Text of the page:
Blind Mortgage Marketing by Corporate Marketing DepartmentsLet’s talk about “Our Marketing Department”

The term “Our Marketing Department” often comes up in conversation in one of two ways:

The first way: as an excuse to protect one’s self from yet another marketing program or product to buy that doesn’t work. This is understandable, in part, but self-defeating as it closes the mind and helps in missing a real opportunity to learn how to do it correctly.

Then there’s the second way: where there is an actual Corporate Marketing Department; one that is provided by the company with noble efforts to make marketing for the LO easy and convenient. (Easy and convenient; these are two words that are not synonymous with success.)

We’re going to be looking at the second reason because the first is just a protection mechanism. Success is never born of justification or ignorance; just like trying to make everything easy and convenient, but that’s another topic altogether.

The problem with the in-house “Marketing Department” is that the focus is supposed to be on marketing. This would presuppose that someone thought this through, however, the actual function of marketing for the LO is quite different than it is for cell phones and sandwiches. Yet, the marketing approach for cell phones and sandwiches is the approach that 99% of in-house “Marketing Departments” use, and the LO trusts that they’re the marketing department, so they must know what they’re doing.

None of the LO’s I’ve spoken with over the last decade can attribute business to their marketing department in any real way, and most of them have expressed how they are not involved with their marketing and its message.

This is where the process starts to break down.

For the homeowner, it’s more than the many signatures and initials they have to submit, along with the personal financial information, and the vulnerability they feel along the way. What they then receive in the form of “marketing” from the “marketing department” makes matters even worse. The relationship of the Loan Officer and the homeowner is the LAST thing considered in a corporate marketing department’s list of priorities.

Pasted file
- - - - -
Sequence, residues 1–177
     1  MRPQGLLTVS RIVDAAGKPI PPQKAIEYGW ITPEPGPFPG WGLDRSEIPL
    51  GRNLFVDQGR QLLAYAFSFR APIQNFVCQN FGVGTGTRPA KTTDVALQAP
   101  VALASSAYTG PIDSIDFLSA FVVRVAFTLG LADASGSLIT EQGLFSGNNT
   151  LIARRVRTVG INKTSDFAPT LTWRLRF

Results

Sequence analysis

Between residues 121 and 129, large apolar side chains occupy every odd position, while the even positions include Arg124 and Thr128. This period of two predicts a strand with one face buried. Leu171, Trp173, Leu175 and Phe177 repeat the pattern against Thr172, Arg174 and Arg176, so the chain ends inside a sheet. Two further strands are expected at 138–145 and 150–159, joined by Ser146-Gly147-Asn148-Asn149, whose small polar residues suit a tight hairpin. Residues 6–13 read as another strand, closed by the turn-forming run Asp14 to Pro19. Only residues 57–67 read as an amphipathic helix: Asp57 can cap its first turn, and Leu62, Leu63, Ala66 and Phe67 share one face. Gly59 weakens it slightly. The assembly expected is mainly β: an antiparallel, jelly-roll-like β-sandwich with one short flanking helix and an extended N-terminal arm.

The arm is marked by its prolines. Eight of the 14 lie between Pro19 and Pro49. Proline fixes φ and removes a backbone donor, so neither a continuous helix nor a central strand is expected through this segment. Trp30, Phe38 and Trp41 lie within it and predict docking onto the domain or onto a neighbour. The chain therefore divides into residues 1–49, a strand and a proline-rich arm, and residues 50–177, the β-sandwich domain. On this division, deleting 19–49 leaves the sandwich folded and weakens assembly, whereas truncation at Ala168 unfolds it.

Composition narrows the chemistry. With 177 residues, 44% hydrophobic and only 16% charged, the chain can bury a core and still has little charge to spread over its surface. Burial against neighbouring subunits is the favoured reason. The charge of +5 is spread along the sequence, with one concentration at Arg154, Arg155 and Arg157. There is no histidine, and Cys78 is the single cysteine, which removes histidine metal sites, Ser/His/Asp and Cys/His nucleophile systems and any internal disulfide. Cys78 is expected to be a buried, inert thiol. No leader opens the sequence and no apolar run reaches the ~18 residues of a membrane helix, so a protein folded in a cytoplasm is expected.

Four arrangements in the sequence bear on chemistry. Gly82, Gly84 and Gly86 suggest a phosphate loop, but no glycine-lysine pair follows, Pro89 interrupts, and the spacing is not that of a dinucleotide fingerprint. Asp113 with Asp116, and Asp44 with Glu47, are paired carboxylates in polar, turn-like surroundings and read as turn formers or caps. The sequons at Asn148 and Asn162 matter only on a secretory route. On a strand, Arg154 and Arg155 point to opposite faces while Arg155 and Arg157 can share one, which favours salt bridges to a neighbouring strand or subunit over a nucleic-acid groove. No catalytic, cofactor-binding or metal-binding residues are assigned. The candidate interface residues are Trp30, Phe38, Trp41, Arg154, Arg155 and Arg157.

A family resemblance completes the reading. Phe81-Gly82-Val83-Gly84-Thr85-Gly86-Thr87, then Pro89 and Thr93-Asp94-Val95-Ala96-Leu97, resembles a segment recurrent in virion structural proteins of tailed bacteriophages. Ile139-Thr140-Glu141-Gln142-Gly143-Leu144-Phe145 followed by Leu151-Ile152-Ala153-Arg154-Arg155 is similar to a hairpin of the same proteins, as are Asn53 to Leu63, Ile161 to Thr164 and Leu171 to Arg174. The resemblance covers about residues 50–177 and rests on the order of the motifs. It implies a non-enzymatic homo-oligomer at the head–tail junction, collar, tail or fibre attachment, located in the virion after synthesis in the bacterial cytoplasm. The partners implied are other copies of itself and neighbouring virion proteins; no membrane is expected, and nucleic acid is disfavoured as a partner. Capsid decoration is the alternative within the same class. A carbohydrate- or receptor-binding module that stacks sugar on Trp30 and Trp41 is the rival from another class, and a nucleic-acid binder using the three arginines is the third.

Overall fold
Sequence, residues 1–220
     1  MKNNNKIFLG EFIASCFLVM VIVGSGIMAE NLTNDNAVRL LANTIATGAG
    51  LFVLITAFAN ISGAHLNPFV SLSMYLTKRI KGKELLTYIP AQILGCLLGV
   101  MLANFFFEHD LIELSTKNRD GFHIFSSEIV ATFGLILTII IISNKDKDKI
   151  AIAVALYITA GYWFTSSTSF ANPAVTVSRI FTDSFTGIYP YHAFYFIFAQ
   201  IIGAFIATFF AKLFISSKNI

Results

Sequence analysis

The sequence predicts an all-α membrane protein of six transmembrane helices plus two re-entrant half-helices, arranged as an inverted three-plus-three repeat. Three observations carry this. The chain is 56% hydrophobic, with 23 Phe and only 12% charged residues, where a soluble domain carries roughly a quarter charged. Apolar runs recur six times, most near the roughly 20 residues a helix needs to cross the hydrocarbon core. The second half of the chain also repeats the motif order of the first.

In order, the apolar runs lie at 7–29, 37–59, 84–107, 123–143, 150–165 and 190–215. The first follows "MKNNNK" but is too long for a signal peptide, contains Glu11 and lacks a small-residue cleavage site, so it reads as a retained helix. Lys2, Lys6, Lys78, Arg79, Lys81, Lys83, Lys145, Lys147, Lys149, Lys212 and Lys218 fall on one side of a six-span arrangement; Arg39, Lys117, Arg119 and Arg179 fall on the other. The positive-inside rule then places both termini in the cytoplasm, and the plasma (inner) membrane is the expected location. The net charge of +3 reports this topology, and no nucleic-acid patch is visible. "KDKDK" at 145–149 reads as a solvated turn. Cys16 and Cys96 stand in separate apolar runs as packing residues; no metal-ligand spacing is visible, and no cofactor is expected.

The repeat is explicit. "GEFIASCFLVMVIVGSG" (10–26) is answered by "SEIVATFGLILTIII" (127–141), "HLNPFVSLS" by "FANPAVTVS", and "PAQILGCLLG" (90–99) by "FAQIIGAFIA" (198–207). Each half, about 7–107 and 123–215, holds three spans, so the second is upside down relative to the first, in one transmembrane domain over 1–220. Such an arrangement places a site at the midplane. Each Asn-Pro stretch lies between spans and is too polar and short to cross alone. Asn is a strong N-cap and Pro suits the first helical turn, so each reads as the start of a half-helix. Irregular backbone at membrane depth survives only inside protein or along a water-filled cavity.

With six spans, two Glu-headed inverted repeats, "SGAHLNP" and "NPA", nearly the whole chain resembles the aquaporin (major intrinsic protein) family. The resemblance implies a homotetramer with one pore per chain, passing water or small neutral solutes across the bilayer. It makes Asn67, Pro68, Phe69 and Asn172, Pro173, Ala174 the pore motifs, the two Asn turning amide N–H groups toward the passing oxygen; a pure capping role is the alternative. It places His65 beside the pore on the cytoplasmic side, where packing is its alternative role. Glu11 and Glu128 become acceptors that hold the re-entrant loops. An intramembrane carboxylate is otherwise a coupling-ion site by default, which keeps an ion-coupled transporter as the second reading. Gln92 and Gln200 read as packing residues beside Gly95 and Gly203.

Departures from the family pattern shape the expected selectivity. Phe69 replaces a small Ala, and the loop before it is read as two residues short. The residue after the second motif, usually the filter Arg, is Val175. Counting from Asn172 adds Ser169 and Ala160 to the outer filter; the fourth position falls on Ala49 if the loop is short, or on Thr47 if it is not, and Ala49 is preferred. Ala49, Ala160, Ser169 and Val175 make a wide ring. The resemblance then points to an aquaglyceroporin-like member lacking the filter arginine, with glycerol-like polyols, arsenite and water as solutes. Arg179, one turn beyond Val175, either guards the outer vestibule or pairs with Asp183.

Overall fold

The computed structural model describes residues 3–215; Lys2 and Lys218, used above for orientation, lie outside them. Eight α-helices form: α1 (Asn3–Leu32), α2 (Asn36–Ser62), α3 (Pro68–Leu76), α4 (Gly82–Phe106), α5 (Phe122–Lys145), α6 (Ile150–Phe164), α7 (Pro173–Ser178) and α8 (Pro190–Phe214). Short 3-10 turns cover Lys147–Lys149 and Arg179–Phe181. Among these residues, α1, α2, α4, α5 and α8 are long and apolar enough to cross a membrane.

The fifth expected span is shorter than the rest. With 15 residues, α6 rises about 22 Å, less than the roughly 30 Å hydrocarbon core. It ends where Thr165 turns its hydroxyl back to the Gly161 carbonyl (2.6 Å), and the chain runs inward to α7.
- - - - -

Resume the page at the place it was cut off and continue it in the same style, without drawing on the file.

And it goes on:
People don’t refer their friends and loved ones to a bank or a corporation; they refer people to other people and the corporate marketing message never suggests such a thing, even if they’re putting your name and even your picture on content of their own choosing. It is never in line with functional relationship marketing, no matter what is expressed by the bank in terms of personal service, hometown values, a company you can trust, or the myriad of other slogans tossed around with your picture attached.

Sounds harsh, but I assure you, it’s the gospel truth. There are an exhausting number of items that destroy the effectiveness of marketing for a big ticket item like home finance, and to go through them all here would have this blog post resemble a novel, rather than a post, and not all of them even apply to each Loan Officer or Broker. There are some LO’s that could care less about their sphere of influence and where their business comes from and they typically use whatever their mandated to use and never grow their business the way they claim they want to see it grow.